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  • |KeepThe RedFlagFlying | Locum GP|01 Jul 2019 1:53pm

    It's all part of the "game plan" to privatise the NHS, and turn it from a "health care provider" to a "source of profit" for the rich "elite".

    - At least then, there would be competition to drive quality and affordability. As opposed to now, when it makes poorly qualified public sector officials financially and AUTHORITATIVELY rich.
    You clearly are guilty of a common problem amongst the socialists... You have no love for the poor, you simply hate the rich entrepreneur. Your politics are the politics of division (rich vs poor), whilst those of us on the Right are pointing out to everyone that what's best for the poor, is for the economy to be as free as possible with a small state.

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  • please-delete-this-fucking-profile-i-cant-delete-it-in-my-account-settings

    This comment has been removed

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  • Is this some honesty coming out of NHSE ? Looks like the conspiracy theorists are right.

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  • The only place where the ties are more expensive than the stethoscopes and no-one looks tired.

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  • Bring it on. Chambers for the brave, Salaried drudgery for the meek. Either way, costs will go up and productivity will go down. We have already seen this since 2004 when the motivation to "get it all done before we go to bed" changed into "ask them to call back at 6-30pm" I've done both.
    ..and still, no-one seems to understand the way we hold it all together when every one else walks away (secondary care, Social Services, Paramedics).
    ..what interesting times.

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  • salaried aint that good either - heading back to FT locum - or part time in reality cause earn more for less hours. its goodbye general practice and hello Babylon - except the fate of Babylonia wasn't that great either - history repeats itself

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  • If our practice hands back the DES (PCN are a DES) I will be salaried to no one. This sounds like DoH revealing how little is understands GPC and GMS?

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  • The options will be either 1) privatisation 2) retrain back into hospital medicine 3)emigrate.

    Message to the centre. Death of partnership equals the death of General Practice in the UK and also the end of the NHS in its entirety as there is no possible mechanism by which secondary care can continue. Without primary and secondary care, community and social care will collapse. In the absence of all these things the nation state will collapse. The eastern countries have an affordable private infrastructure to fall back on which we most definitely do not.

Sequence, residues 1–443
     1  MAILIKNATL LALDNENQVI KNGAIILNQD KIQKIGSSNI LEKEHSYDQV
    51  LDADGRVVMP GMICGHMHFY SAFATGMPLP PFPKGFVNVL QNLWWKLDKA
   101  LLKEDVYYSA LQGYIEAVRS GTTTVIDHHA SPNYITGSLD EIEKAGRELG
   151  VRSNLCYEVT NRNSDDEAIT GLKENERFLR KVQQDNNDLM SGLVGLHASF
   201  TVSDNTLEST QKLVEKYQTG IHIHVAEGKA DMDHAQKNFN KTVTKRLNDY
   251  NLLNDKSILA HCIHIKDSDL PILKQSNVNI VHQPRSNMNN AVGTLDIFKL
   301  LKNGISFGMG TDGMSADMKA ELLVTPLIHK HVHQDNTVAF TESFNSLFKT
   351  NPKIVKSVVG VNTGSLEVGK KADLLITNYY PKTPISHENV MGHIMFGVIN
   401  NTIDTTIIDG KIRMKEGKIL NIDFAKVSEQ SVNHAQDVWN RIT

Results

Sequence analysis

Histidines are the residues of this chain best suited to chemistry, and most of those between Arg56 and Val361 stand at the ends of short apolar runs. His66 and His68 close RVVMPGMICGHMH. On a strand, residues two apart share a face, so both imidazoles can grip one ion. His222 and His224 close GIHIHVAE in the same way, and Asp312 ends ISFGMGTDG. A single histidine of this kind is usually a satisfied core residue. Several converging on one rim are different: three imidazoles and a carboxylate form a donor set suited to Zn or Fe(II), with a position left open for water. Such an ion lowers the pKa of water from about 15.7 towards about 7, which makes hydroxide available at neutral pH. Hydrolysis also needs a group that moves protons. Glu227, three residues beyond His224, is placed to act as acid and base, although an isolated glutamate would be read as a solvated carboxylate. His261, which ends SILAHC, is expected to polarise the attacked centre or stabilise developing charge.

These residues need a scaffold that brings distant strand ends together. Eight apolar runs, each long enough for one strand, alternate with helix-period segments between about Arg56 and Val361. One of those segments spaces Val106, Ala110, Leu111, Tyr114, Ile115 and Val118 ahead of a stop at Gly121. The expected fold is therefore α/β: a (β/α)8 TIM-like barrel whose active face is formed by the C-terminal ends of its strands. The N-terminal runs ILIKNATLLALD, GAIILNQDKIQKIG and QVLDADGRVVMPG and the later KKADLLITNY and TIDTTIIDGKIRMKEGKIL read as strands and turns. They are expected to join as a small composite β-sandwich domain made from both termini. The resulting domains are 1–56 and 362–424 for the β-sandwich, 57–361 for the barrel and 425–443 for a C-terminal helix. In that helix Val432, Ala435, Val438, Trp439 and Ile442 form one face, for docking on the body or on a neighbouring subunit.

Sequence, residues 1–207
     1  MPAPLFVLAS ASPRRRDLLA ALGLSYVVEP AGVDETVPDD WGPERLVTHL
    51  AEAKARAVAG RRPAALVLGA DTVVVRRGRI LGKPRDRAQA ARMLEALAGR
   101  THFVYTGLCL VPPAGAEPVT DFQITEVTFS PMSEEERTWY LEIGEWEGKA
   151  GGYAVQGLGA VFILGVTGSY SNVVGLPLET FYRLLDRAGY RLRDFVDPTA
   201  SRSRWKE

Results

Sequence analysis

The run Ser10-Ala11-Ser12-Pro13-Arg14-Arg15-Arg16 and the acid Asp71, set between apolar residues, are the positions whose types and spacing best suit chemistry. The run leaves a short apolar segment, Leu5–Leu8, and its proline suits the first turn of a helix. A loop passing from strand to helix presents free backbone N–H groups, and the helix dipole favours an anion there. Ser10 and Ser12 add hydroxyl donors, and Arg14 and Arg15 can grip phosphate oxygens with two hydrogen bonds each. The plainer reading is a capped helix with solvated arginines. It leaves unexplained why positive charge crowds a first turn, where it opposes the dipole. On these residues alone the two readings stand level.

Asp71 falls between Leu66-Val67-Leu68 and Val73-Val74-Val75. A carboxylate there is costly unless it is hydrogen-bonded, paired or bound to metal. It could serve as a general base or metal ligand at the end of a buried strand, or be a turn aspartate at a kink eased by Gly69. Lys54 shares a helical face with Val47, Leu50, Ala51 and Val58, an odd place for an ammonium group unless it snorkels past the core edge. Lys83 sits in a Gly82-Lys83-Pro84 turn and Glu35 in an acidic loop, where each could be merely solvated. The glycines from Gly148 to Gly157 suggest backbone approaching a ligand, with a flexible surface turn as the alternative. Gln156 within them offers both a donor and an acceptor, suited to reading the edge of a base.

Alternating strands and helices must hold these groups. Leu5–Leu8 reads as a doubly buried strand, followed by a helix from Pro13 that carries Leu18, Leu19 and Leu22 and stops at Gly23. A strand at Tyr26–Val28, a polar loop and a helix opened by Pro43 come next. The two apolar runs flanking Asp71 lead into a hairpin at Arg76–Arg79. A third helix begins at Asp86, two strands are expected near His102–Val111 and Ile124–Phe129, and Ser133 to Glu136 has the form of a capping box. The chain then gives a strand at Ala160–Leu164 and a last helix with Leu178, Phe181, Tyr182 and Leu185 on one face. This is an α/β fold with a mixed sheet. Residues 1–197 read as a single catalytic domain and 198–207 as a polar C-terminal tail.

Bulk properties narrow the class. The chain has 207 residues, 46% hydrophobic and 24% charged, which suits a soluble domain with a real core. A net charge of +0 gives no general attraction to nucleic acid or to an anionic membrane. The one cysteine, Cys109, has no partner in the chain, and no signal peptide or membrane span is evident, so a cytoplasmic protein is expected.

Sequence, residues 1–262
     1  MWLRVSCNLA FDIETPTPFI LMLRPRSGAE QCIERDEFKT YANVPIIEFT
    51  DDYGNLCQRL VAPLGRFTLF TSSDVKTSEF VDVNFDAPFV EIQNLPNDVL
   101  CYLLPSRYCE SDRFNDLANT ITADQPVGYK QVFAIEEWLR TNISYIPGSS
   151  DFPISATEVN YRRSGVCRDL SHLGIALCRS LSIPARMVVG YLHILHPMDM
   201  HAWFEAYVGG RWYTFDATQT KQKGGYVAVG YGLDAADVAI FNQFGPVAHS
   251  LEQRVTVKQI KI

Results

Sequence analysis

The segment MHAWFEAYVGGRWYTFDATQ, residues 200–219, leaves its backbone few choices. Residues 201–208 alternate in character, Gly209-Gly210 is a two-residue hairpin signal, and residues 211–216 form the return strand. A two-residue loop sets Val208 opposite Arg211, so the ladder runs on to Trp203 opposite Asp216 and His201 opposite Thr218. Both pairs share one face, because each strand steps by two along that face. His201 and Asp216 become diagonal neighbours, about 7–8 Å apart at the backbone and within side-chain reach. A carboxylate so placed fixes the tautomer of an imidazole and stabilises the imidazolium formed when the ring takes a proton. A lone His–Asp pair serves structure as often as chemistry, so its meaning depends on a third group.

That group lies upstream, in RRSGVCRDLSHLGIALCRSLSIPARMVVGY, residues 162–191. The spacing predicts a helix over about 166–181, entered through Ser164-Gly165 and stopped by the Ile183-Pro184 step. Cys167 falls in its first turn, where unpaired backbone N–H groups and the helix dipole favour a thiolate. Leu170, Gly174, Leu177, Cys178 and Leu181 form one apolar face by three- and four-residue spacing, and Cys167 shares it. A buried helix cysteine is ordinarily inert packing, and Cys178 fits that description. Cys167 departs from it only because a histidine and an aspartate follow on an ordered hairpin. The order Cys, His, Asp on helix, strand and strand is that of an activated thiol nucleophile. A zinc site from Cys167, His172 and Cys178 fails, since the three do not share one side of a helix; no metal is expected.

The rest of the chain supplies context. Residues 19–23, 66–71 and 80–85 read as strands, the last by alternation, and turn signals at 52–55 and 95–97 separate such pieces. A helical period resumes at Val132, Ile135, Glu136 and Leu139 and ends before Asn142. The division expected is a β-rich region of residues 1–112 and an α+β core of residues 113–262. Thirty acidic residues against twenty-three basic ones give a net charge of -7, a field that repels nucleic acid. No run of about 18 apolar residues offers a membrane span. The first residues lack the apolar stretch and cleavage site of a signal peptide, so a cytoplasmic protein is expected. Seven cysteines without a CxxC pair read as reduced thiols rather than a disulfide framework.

NHS england should not even mention this in any communication and the idea should not even raise its head. The idea should be up there with what to do if aliens land and other doomsday scenarios.

    Instead the approach I feel is wrong. The reality is that the British people have spoken and they have agreed to further austerity and reduced investment in the health service. We are from the people as well. It is not worthwhile blaming NHS England for this, or for NHS England to blame us. I appreciate their battles with the department of Health and the difficult conversations that they have with the treasury.

    Instead of playing blame games, we should switch the conversation to see how we best deploy what resources that we have to achieve the maximum health benefit to the people of the United Kingdom, whilst recognising each others pressures.

    That is definitely a conversation and thought process that GP's can get involved in.

    And message to GP's please do not be government mouthpieces. They have communication departments that do this. No other GP's I have met agree with the NhS England position and they are hurt by it. People that do agree with it, sound compromised and it makes us sceptical.

    It is not up to pcn's to convince young gp's to take on partnerships. It is up to gp partners to do this and convince us all and also to make the opportunities available.

    - anonymous salaried!